During their time at Hiram, students have access to numerous resources that help them design visions for meaningful career paths and prepare for the future through the Office of Career Development. We sat down with Bethani Burkhart, Hiram’s director of career development and she talked about a few of the ways that her office can assist students with the self-assessment process, choice of major and career field, pursuit of internships, application to professional or graduate school, and more.
How does the Office of Career Development help a student select a major?
Many students often struggle to select a major due to a lack of self-assessment and knowledge of the many career paths available. So, our office typically starts by helping students identify a few things about themselves like values, personality traits, workplace preferences, and interests. We then identify a few careers that align with each of those areas and help students research those careers using a variety of electronic resources and tools.
Our office also recently started us PathwayU, an online assessment that takes approximately 20 minutes and can help students identify potential majors and/or careers. The platform also helps students learn more about potential career choices with descriptions, salary ranges, videos, and more. It can also connect with Indeed to show which internships and full-time jobs are a strong match to specific assessment results. And, after a student takes the assessment and gets their results, they can meet with a staff member to discuss and analyze their results.
Finally, the Office of Career Development also hosts several events throughout the year, where students can hear from alumni and other business professionals to learn more about the careers that are out there. We encourage all exploratory students to attend these events!
Why is it important for students to complete an internship or research experience in their desired field?
Experiential learning is a vital component to a student’s career development because it provides them with an insider view of a career field they might be interested in. They also help a student understand more about themselves and allow them to self-assess their workplace preferences through real-world experiences. As an example, we may think that we enjoy one thing but once we experience it in a real-world setting, we may realize that it isn’t our preference.
Internships and research experiences are also a great way for students to ‘get their foot in the door’ at companies that may be interested in working at after graduation. Several companies will hire many of their interns, depending on their internship experience. An internship is also a great addition to any resume for any career field, and it will make the student a more competitive candidate when it comes time to applying for full-time careers or graduate school programs.
Can the Office of Career Development assist students in building a resume and writing a cover letter?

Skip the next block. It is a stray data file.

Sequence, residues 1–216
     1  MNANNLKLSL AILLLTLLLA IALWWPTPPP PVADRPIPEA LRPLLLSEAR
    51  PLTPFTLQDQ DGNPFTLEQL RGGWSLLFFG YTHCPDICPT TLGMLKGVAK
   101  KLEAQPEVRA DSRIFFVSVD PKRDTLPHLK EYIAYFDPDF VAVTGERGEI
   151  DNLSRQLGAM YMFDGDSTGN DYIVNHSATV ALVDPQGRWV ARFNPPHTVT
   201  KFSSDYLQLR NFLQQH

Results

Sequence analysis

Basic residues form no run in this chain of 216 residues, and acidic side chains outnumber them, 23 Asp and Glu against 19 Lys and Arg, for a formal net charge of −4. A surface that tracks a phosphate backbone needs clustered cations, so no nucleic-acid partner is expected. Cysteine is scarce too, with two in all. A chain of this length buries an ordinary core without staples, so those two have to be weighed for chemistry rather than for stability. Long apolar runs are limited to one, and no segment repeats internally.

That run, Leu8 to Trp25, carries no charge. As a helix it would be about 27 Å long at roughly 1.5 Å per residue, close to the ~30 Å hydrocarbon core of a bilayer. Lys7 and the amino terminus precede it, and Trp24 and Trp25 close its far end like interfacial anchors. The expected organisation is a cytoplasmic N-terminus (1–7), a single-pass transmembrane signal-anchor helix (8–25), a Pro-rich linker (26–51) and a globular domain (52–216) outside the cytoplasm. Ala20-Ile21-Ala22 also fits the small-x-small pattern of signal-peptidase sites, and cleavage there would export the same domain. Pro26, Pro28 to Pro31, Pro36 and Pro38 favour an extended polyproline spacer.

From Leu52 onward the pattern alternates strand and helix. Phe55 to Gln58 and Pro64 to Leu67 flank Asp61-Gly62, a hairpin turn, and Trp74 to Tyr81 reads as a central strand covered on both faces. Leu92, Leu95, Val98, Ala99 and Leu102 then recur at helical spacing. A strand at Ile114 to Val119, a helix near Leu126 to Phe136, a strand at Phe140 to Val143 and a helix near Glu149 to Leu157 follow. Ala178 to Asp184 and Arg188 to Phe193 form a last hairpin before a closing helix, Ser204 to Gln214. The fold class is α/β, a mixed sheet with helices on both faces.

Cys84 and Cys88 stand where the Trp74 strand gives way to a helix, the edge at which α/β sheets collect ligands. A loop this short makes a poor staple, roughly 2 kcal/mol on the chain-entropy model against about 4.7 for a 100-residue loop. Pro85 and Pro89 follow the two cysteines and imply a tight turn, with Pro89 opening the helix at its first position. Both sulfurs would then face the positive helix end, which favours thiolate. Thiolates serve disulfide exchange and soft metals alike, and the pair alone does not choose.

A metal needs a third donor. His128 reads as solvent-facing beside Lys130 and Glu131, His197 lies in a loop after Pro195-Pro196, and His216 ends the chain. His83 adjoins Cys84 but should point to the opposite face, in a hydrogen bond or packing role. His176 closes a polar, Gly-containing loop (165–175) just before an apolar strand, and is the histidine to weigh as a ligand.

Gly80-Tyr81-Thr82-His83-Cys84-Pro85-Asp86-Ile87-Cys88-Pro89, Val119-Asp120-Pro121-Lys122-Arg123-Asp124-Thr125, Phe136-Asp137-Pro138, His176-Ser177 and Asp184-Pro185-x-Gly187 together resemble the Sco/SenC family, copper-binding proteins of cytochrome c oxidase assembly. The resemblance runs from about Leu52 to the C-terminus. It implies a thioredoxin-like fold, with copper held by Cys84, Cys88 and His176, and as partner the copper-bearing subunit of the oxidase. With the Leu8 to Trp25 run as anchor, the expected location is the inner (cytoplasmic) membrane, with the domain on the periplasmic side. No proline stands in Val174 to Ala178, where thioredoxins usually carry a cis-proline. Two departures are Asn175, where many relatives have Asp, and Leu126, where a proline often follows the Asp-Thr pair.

Absolutely! Cover letter writing and resume building are two of our most common meeting topics. We regularly meet with students to review their resume and provide feedback, as well as to address any gaps in the resume and to create a plan for how to fill those gaps. We also meet with students to discuss how to write a cover letter that is specific to them, the job they are applying for, and the company they are applying at. No matter where the student is in the process, whether it’s non-existent or in draft form, we can help them.
In what ways can the Office of Career Development help a first or second-year student versus a third or fourth-year student?
There are four phases to career development – self-assessment, research, decision-making, and implementation. First and second-year students typically focus on the first three phases of career development, especially when it comes to decision-making regarding their major choice. Oftentimes, students will re-enter that decision-making phase in their senior year when trying to determine which graduate program or career is right for them. For the first- and second-year students, we typically help them with identifying their values, interests, personality traits, and workplace preferences to help narrow down a major choice, which involves self-assessment and research. Students who are in their fourth year will typically focus on implementation, which is writing a resume or CV, a cover letter or personal statement, and submitting applications. When a student is between those phases, especially in between decision-making and implementation, they should focus on filling any gaps they have in their resume and continue to build upon their experiences through student groups, internships, research, on-campus jobs, and more. We can also help students with building a plan to address resume gaps!
by Jenelle Bayus